The World Health Organisation predicts that if current trends continue, road traffic injuries could
possibly end up as the number three contributor to the global burden of disease and injury by
2020.

Just last year, road traffic injuries were the leading cause of death among children aged 5-14
and young adults aged 15-29. This is quite overwhelming considering the majority, if not all,
countries don’t allow people under the age of 17 to practice driving. What does this tell us? – It
tells us that out of the millions of people that have died in road incidents over the years, a large
proportion of those aren’t even driving a car!

Fortunately, it’s not all bad news as recent newly implemented legislations in the road safety
sector steers course for change.

Road management authorities will now be required to take into account the safety of vulnerable
road users, such as pedestrians and cyclists and changes have also been made to EU’s
General Safety Regulation for motor vehicles. These changes will mean that within the next
three years in-vehicle technologies will have to be implemented into all newly built vehicles, they
include Automated Emergency Braking (AEB) with pedestrian and cyclist detection, overridable
Intelligent Speed Assistance (ISA) and Emergency Lane Keeping.

It’s a step forward in the right direction, however, some studies are starting to show that there
are environmental factors that can also participate in road traffic crashes. In fact, for a large
percentage of the time, road traffic crashes happen to good drivers under bad conditions and
many black spots still remain invisible to the good majority of road users.

Artificial Intelligence has the ability to significantly reduce the number of annual road traffic
crashes that occur and make the overall driver experience safer for everyone affected. Machine
learning methods are currently being leveraged to learn past historical accident data and study
the environments in which they happened. By doing so, the technology is better able to
understand their causes which enables it to assess each environments incident likelihood.

With this added knowledge many tech startups have begun pushing boundaries with predictive
solutions, hoping to completely change the automotive infrastructure.

Smarter, safer vehicles

Innovation and new technologies are paving the way for the commercial use of driverless cars
with some countries making preparations for more use of autonomous vehicles by 2021. Many
large car manufacturers, including Volvo who will start shipping self-driving cars to Uber this
year
, have moved on from test driving smaller vehicles to testing driverless lorries connected to
a Wi-Fi network.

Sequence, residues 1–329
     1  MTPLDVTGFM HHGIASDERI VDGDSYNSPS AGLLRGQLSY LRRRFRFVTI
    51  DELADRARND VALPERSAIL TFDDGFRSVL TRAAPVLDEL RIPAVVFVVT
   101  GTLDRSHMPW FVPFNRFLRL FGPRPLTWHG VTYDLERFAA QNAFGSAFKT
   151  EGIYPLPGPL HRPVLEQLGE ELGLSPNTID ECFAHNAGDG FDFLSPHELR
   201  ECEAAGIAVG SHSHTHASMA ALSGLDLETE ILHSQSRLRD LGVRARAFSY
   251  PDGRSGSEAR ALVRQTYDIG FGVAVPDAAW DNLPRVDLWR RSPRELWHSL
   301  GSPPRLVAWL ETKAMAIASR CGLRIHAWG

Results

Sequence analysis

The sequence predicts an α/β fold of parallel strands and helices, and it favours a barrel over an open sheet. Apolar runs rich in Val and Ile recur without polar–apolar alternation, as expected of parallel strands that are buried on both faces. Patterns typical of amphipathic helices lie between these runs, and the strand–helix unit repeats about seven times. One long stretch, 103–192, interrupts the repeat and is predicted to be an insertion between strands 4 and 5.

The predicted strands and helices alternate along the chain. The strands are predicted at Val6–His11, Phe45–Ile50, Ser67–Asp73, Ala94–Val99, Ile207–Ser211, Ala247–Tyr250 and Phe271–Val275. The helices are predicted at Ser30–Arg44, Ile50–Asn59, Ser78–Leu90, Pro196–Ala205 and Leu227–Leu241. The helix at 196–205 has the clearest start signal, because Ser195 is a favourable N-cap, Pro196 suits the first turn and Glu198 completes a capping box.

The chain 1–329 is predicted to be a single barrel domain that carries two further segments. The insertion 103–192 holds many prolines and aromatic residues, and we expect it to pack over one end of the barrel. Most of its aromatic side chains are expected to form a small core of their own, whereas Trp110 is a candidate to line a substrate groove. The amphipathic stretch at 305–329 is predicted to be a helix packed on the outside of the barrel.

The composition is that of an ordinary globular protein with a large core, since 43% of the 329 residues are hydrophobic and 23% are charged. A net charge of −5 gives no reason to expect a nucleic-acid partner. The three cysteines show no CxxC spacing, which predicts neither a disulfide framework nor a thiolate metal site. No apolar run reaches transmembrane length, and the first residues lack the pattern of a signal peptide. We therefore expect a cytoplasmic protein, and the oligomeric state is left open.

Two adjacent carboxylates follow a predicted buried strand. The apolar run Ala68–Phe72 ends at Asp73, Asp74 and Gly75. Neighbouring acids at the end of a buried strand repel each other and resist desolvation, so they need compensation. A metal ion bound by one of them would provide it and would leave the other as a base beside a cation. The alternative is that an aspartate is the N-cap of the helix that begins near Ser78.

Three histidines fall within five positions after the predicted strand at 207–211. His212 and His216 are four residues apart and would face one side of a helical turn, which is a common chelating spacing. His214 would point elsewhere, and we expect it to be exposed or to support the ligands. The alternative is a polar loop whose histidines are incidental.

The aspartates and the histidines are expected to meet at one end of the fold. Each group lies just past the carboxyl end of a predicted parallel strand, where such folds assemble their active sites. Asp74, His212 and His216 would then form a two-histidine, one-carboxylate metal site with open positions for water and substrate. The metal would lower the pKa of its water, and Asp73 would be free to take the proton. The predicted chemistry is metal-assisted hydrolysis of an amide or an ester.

There are some limitations to autonomous vehicles that may further delay a world occupied by
self-driving cars. There have been reports that the Lidar Units which scan the environment can
sometimes be obscured due to heavy snow, rain or fog. It’s has also been reported that the selfdriving cars themselves are often confused by human drivers’ and pedestrians’ sometimes illogical behavior; double-parking or randomly walking out in front of the cars!

Everything takes time, the aim of the test drives has been to teach the AI solutions better ways
of adapting to these situations and to try and eliminate the road accidents usually caused by
human error. Theoretically, as the AI gets smarter, the results will improve over time.

Mobility applications

New mobility applications have leveraged predictive AI solutions in order to highlight accident
prone areas and alert users when entering the accident zones.
It is believed that fewer
accidents would occur if drivers were more cautious in these areas when navigating on the
roads.

Efficient accident management

Multiple mapping companies are using AI solutions to combat the sporadic nature of road traffic
crashes with their predictive road incident maps. With its use, road management teams will be
able to better situate emergency services and accident response teams to reduce their
response times by 10/12 minutes.

Artificial Intelligence is still a very new technology but one that has continuously proven its value
in a range of different fields. It’s fast becoming part of new industries all over the globe with
more and more countries welcoming its services and acknowledging the life-changing benefits
that could be implemented into existing infrastructures.

Still, there’s some cause for concern. The new technology may have an impact on employment
leaving many individuals out of a job, plus, science fiction films have warned us of futures where
we are enslaved and hunted by our own technological creations…

Well, the second point borders the line of conspiracy delusion, but the first may become a
worrisome reality. Unemployment isn’t a joke and the people making a modest living as fleet/taxi
drivers aren’t being overly paranoid if they begin to raise concern.

The allure of technology and innovation does tend to draw people in and they can sometimes
fail to foresee the damage that may occur in the future. As AI is implemented to help manage
road safety, it should also be monitored, and watched with a wary eye to make sure that our
over exuberance for technology doesn’t blur its ultimate vision – accident reduction.